Collectively the group is interested in investigating evolutionary processes, plant speciation, conservation genetics, phylogeographic patterns and molecular systematics.
We are grateful to Cladinara Roberts Sarturi for help with the sequencing and João Renato Stehmann for taxonomic support. We also thank two anonymous reviewers for comments and suggestions that improved this manuscript. This project was supported by the Conselho Nacional de Desenvolvimento Científico e Tecnológico (CNPq), Coordenação de Aperfeiçoamento de Pessoal de Nível Superior (CAPES), Fundação de Amparo à Pesquisa do Estado do Rio Grande do Sul (FAPERGS), and Programa de Pós-Graduação em Genética e Biologia Molecular da Universidade Federal do Rio Grande do Sul (PPGBM-UFRGS).
- Comes HP, Kadereit JW: The effect of quaternary climatic changes on plant distribution and evolution. Trends Plant Sci. 1998, 3: 432-438. 10.1016/S1360-1385(98)01327-2.View ArticleGoogle Scholar
- Hewitt G: The genetic legacy of the quaternary ice ages. Nature. 2000, 405: 907-913. 10.1038/35016000.PubMedView ArticleGoogle Scholar
- Pennington RT, Lavin M, Oliveira-Filho A: Woody plant diversity, evolution, and ecology in the tropics: perspectives from seasonally dry tropical forests. Annu Rev Ecol Evol Syst. 2009, 40: 437-57. 10.1146/annurev.ecolsys.110308.120327.View ArticleGoogle Scholar
- Beheregaray LB: Twenty years of phylogeography: the state of the field and the challenges for the Southern Hemisphere. Mol Ecol. 2008, 17: 3754-3774.PubMedGoogle Scholar
- Turchetto-Zolet AC, Pinheiro F, Salgueiro F, Palma-Silva C: Phylogeographical patterns shed light on evolutionary process in South America. Mol Ecol. 2013, 22: 1193-1213. 10.1111/mec.12164.PubMedView ArticleGoogle Scholar
- Ribeiro RA, Lemos-Filho JP, Ramos ACS, Lovato MB: Phylogeography of the endangered rosewood Dalbergia nigra (Fabaceae): insights into the evolutionary history and conservation of the Brazilian Atlantic Forest. Heredity. 2011, 106: 46-57. 10.1038/hdy.2010.64.PubMed CentralPubMedView ArticleGoogle Scholar
- Lorenz-Lemke AP, Togni PD, Mäder G, Kriedt RA, Stehmann JR, Salzano FM, Bonatto SL, Freitas LB: Plant species diversification in eastern South American highland subtropical region: a phylogeographic perspective with native Petunia (Solanaceae). Mol Ecol. 2010, 19: 5240-5251. 10.1111/j.1365-294X.2010.04871.x.PubMedView ArticleGoogle Scholar
- Pinheiro F, Barros F, Palma-Silva C, Fay MF, Lexer C, Cozzolino S: Phylogeography and genetic differentiation along the distributional range of the orchid epidendrum fulgens: a neotropical coastal species not restricted to glacial refugia. J Biogeogr. 2011, 38: 1923-1935. 10.1111/j.1365-2699.2011.02539.x.View ArticleGoogle Scholar
- Gradstein FM, Ogg JG, Schmitz MD, Ogg GM: GM: The Geologic Time Scale 2012. 2012, Oxford: ElsevierGoogle Scholar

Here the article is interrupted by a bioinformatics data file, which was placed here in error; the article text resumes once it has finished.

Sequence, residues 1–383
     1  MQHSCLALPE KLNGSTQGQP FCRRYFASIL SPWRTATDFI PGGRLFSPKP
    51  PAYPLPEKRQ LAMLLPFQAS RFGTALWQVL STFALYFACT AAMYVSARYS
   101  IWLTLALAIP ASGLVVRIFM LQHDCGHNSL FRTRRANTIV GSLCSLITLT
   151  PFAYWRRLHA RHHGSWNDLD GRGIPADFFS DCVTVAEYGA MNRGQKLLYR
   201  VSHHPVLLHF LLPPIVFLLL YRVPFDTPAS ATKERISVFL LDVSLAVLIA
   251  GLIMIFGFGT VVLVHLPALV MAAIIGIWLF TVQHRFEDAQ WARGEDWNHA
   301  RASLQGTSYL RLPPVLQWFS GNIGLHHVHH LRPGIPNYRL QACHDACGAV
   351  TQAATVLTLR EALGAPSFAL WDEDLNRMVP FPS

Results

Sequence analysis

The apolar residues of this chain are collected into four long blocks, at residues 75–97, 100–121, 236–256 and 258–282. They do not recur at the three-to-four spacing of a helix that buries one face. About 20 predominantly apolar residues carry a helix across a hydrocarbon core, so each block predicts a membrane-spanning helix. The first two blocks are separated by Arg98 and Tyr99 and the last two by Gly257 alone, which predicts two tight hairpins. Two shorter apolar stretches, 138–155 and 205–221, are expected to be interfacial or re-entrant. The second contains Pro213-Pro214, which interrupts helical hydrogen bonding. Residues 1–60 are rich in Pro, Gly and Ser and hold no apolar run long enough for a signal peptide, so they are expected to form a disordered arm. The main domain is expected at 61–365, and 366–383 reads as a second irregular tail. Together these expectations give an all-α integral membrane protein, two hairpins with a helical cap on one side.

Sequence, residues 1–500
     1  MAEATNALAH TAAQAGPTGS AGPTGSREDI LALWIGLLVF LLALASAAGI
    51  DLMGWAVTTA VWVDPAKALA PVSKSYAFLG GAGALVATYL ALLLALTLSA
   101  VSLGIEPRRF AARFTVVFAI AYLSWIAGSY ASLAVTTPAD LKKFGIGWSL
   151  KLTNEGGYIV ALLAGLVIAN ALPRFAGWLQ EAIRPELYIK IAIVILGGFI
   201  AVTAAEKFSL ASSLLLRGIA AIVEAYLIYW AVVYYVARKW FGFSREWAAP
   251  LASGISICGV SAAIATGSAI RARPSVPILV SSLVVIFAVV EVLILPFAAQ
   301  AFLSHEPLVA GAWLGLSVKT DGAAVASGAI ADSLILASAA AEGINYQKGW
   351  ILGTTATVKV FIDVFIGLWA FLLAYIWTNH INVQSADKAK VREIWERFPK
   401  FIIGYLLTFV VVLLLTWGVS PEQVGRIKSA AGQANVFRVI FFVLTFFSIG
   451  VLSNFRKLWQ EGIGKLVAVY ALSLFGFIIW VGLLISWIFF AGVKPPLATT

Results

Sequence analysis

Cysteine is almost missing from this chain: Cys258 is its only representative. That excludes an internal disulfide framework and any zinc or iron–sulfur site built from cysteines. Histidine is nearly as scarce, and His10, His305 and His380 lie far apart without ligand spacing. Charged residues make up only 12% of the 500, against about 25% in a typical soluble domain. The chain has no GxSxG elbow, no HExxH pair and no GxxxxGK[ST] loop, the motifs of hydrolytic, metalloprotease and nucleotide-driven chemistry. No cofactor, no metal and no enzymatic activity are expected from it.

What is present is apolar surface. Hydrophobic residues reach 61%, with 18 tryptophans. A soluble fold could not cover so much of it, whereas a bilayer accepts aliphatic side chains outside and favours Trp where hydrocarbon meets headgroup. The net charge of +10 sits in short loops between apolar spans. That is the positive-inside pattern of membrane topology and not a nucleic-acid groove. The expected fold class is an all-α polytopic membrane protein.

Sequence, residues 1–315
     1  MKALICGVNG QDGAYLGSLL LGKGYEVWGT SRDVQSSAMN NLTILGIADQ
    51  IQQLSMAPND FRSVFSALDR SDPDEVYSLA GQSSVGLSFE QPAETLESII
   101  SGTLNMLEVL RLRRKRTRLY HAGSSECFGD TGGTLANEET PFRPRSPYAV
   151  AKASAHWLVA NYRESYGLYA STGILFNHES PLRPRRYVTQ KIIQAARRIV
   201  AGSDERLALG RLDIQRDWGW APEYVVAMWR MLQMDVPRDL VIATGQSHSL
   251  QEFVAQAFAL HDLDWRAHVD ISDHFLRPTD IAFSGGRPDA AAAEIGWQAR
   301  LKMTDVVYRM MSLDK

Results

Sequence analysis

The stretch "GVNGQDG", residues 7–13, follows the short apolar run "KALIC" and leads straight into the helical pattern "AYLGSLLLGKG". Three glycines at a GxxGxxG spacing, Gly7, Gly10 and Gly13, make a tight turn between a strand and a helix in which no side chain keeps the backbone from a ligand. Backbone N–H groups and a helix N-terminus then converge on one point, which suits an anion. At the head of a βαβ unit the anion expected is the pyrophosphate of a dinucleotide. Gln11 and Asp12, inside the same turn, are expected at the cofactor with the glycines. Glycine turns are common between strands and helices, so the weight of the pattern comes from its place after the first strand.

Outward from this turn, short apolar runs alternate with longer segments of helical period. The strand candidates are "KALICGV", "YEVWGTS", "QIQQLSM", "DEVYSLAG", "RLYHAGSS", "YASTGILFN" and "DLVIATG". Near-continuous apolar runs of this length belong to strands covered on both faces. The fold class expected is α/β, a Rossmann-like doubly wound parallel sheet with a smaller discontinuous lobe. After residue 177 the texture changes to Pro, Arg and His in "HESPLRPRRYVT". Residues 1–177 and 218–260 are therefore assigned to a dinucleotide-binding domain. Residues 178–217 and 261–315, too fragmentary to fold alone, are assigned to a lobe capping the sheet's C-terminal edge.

- Roth L, Lorscheitter ML: Palynology of a bog in Parque Nacional de Aparados da Serra, East Plateau of Rio Grande do Sul, Brazil. Quat S Am A. 1993, 8: 39-69.Google Scholar
- Behling H: South and Southeast Brazilian grasslands during late quaternary times: a synthesis. Palaeogeogr Palaeoclimatol Palaeoecol. 2002, 177: 19-27. 10.1016/S0031-0182(01)00349-2.View ArticleGoogle Scholar
- Leonhardt A, Lorscheitter ML: The last 25000 years in the eastern Plateau of Southern Brazil according to Alpes de São Francisco record. J South Am Earth Sci. 2010, 29: 454-463. 10.1016/j.jsames.2009.09.003.View ArticleGoogle Scholar
- Lorscheitter ML: Contribution to the Holocene history of Atlantic rain forest in the Rio Grande do Sul state, southern Brazil. Rev Mus Argent Cienc Nat. 2003, 5: 261-271.Google Scholar
- Leal MG, Lorscheitter ML: Plant succession in a forest on the Lower Northeast Slope of Serra Geral, Rio Grande do Sul, and Holocene palaeoenvironments, Southern Brazil. Acta Bot Bras. 2007, 21: 1-10.Google Scholar
- Ledru MP, Salatino MLF, Ceccantini G, Salatino A, Pinheiro F, Pintaud J-C: Regional assessment of the impact of climatic change on the distribution of a tropical conifer in the lowlands of South America. Divers Distrib. 2007, 13: 761-771. 10.1111/j.1472-4642.2007.00389.x.View ArticleGoogle Scholar
- Pessenda LCR, Gouveia SEM, Ribeiro AS, Oliveira PE, Aravena R: Late Pleistocene and Holocene vegetation changes in northeastern Brazil determined from carbon isotopes and charcoal records in soils. Palaeogeogr Palaeoclimatol Palaeoecol. 2010, 297: 597-608. 10.1016/j.palaeo.2010.09.008.View ArticleGoogle Scholar
- Westberg E, Kadereit JW: The influence of sea currents, past disruption of gene flow and species biology on the phylogeographical structure of coastal flowering plants. J Biogeogr. 2010, 36: 1398-1410.View ArticleGoogle Scholar
- Molins A, Mayol M, Rosselló JA: Phylogeographical structure in the coastal species Senecio rodriguezii (Asteraceae), a narrowly distributed endemic Mediterranean plant. J Biogeogr. 2009, 36: 1372-1383. 10.1111/j.1365-2699.2009.02108.x.View ArticleGoogle Scholar
- Ortiz MÁ, Tremetsberger K, Talavera S, Stuessy T, García-Castaño L: Population structure of Hypochaeris salzmanniana DC. (Asteraceae), an endemic species to the Atlantic coast on both sides of the Strait of Gibraltar, in relation to quaternary sea level changes. Mol Ecol. 2007, 16: 541-552. 10.1111/j.1365-294X.2006.03157.x.PubMedView ArticleGoogle Scholar
- Qiu YX, Fu CX, Comes HP: Plant molecular phylogeography in China and adjacent regions: Tracing the genetic imprints of quaternary climate and environmental change in the world’s most diverse temperate flora. Mol Phylogenet Evol. 2011, 59: 225-244. 10.1016/j.ympev.2011.01.012.PubMedView ArticleGoogle Scholar
- Tomazelli LJ, Villwock JA: Mapeamento geológico de planícies costeiras: o exemplo da costa do Rio Grande do Sul. Gravel. 2005, 3: 109-115.Google Scholar